Happily for owners of the Silver Chef business, payments for rent/leases are direct debited weekly. Customer are contacted immediately when arrears are recognised. If Silver Chef chooses to repossess, the average time is about one and half months and Silver Chef has already received a three-month security bond.
In the most recent half-yearly results, the bad debt-to-rental income ratio was 0.5%, and the impairment loss-to-assets ratio was less than 0.75%. For Silver Chef there are costs associated with an equipment return, but these amount to about 10%, by volume, of all assets financed.
Silver Chef can then sell the equipment through the original dealer, offer the equipment to a new customer with a new agreement, or sell it at auction or online. The company has told analysts that 80% of returned equipment is sold within three months, at a loss of about 20%.
The GoGetta business is growing and management believes it will be bigger than the café/restaurant business. A world of categories is open to the company, as are overseas markets, and this was best demonstrated by the company’s recent expansion into New Zealand.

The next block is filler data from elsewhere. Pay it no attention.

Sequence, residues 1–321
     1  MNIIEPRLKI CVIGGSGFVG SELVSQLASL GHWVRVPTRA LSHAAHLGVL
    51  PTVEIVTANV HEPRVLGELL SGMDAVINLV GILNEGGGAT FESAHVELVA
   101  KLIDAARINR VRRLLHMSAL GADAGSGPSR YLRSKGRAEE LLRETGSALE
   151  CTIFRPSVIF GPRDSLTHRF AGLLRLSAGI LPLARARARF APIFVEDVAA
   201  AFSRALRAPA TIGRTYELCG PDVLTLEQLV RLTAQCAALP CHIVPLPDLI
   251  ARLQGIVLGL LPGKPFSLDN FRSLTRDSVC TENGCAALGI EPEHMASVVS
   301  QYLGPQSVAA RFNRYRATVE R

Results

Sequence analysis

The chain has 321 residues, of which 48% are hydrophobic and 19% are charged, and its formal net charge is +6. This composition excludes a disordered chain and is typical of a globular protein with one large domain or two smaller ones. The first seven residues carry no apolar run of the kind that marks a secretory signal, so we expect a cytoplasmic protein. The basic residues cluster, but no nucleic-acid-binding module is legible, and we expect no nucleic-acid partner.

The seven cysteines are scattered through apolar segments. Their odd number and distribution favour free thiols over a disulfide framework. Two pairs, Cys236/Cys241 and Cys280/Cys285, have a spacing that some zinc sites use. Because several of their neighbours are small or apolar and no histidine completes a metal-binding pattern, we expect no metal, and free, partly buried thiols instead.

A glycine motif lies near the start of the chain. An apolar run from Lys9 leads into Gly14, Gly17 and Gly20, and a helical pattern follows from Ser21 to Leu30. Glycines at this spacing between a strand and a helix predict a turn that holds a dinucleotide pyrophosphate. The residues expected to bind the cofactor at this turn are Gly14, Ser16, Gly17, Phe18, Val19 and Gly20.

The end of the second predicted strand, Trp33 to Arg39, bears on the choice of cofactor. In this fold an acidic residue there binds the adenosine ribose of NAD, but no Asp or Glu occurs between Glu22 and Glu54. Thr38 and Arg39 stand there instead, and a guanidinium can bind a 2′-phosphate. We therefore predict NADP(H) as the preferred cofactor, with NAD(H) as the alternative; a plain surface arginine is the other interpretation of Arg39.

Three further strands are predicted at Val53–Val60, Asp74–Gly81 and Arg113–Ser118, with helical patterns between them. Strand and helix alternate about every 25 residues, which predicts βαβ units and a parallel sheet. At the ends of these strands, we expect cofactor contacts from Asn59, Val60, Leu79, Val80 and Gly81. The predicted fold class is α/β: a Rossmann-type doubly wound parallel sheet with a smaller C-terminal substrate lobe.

Another reason many investors have baulked at investing in Silver Chef is the very high net debt-to-equity ratio of 186%. Investors need to remember this is a finance company. It is true, however, that a very small problem on the asset side of a finance company can be a very big problem for owners of the smaller equity.
For this reason, it is important to keep an eye on the drivers (those metrics that I have discussed above). Importantly, the company diversified its funding base last calendar year by issuing a $30 million senior bond, maturing in September 2018, and coinciding with the release of the half-year results the company raised $5 million in equity through a share placement at $5.20 and a share purchase plan. This partly reflects the company’s intention to fund equipment purchases with a 70:30 debt/equity combination.
The company has grown earnings per share every year with the exception of 2007 on a normalised basis, and by 38% per annum from 2005 to 2012. The company has also indicated its forecast EPS growth target is 10-20% per annum.
Intermittent set-backs to this growth can be expected in the year of, or after capital is raised, for equipment financing. But the longer-term returns on the capital raised should ensure overall steady growth.
I believe the company’s shares are trading at a premium to intrinsic value this year, but at a discount to future years, and investors looking for a relatively unknown or misunderstood business might want to take a closer look at Silver Chef.
I own share in the company because I believe the market is understating the future potential and overstating the risks.
Roger Montgomery is the chief investment officer at Montgomery Investment Management. If you would like the opportunity to discuss your portfolio and investment options with Roger or his team simply email firstname.lastname@example.org.